I recently had a very interesting and thought provoking day listening to Pete Rollins, hosted by an interesting faith community, Journey Imperfect Faith Community. In two sessions, Pete laid out theoretical and philosophical approaches to doubt and community than he talked about practicing those thoughts.
There were several and very intelligent insights Rollins talked about, some which can be found in his books or blog. Rollins argues for a constant place of doubting God, an a/theistic approach to faith which bends toward the Christian tradition. In ways I think Rollins is capturing a faith hermeneutic of suspicion that is 1) very contextual to Ireland, 2) intrinsic to who he is and how is approaches faith, 3) important for the Church at large, especially in the West, 4) not for everyone, and 4) still in the process of being understood.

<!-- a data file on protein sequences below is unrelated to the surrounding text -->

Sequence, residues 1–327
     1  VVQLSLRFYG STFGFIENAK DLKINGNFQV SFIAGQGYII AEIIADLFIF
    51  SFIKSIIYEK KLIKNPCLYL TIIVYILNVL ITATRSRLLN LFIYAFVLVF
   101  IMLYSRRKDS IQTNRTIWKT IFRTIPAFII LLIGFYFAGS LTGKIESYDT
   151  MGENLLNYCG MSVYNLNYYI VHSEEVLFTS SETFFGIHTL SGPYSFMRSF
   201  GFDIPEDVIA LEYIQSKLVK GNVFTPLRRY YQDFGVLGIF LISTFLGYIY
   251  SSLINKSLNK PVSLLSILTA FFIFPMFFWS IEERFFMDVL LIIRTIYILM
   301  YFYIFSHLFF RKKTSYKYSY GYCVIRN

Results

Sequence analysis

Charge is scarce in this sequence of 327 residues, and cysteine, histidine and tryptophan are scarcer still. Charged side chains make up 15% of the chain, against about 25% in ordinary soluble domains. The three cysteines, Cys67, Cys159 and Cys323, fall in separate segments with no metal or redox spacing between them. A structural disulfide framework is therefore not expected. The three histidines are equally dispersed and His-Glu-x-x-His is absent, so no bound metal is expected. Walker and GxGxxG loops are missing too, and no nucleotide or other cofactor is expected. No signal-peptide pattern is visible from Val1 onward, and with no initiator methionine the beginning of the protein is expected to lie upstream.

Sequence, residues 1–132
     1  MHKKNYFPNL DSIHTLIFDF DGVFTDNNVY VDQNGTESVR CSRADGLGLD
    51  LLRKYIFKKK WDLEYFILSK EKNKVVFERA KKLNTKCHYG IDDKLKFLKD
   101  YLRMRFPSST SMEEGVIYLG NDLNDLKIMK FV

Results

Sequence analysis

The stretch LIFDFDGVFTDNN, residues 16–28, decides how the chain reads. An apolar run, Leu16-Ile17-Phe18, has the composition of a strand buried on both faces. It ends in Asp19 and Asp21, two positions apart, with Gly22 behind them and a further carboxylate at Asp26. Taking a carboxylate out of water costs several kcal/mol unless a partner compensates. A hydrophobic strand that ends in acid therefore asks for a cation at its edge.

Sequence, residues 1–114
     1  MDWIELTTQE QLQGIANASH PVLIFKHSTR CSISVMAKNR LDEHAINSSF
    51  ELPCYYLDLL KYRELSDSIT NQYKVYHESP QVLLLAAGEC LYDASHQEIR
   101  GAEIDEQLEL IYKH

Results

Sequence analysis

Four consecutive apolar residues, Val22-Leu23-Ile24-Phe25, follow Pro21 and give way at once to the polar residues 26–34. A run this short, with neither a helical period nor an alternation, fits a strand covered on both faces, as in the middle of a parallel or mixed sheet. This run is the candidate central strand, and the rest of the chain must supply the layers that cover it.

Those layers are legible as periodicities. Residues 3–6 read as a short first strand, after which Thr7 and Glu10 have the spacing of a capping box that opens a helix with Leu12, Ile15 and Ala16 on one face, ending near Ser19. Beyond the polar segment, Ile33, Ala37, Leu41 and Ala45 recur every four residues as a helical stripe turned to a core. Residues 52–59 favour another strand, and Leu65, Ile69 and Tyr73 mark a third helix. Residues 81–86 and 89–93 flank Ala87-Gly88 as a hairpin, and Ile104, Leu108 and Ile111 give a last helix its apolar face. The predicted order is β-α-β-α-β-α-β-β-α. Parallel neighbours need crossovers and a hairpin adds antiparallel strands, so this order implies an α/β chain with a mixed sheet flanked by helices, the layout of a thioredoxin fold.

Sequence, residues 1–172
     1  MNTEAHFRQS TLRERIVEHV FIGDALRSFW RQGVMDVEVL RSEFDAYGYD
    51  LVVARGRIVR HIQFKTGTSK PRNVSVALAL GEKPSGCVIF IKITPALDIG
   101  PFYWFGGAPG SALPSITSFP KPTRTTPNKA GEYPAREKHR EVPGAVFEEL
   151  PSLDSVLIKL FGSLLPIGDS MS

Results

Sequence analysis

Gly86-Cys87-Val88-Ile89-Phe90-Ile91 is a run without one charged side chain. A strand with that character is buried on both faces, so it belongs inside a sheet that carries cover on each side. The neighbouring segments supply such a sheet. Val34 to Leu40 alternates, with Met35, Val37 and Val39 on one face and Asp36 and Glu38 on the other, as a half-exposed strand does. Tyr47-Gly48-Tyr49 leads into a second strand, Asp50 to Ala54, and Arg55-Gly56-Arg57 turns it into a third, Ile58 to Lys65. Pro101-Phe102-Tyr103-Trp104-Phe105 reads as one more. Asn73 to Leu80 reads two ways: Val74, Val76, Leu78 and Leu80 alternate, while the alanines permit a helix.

With that last note, something I really appreciate about his thought and practice is that Rollins doesn't need to have everything theologized and figured out before acting, but instead acts and than creates a theology around those actions in retrospect. Why I think this is important is because Rollins and this approach really allows people to participate in creating culture, community, and faith or non-faith.
The talk he gave is also a blog title, "Fundamentalism isn't too violent, It isn't violent enough." I do not like his use of the term "violent," but this post is well worth the read. Maybe his use of "violence" is right in the context of changing social structures, yet I still want to steer clear of the term "violence." The post is full of great thoughts, check it out.